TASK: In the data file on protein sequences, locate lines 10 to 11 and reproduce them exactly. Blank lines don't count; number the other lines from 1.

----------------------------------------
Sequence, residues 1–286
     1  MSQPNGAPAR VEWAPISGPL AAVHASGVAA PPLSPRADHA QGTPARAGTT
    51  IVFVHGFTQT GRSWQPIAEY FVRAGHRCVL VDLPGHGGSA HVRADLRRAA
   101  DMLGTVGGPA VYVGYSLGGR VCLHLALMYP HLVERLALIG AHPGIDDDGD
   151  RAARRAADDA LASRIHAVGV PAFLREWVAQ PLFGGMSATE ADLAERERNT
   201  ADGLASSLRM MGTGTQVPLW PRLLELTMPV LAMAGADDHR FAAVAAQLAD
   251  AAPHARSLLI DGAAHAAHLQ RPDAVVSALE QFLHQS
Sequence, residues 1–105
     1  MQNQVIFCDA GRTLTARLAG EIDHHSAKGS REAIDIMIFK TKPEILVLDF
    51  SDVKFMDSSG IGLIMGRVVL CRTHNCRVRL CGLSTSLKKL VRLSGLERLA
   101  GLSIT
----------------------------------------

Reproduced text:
    51  SDVKFMDSSG IGLIMGRVVL CRTHNCRVRL CGLSTSLKKL VRLSGLERLA
   101  GLSIT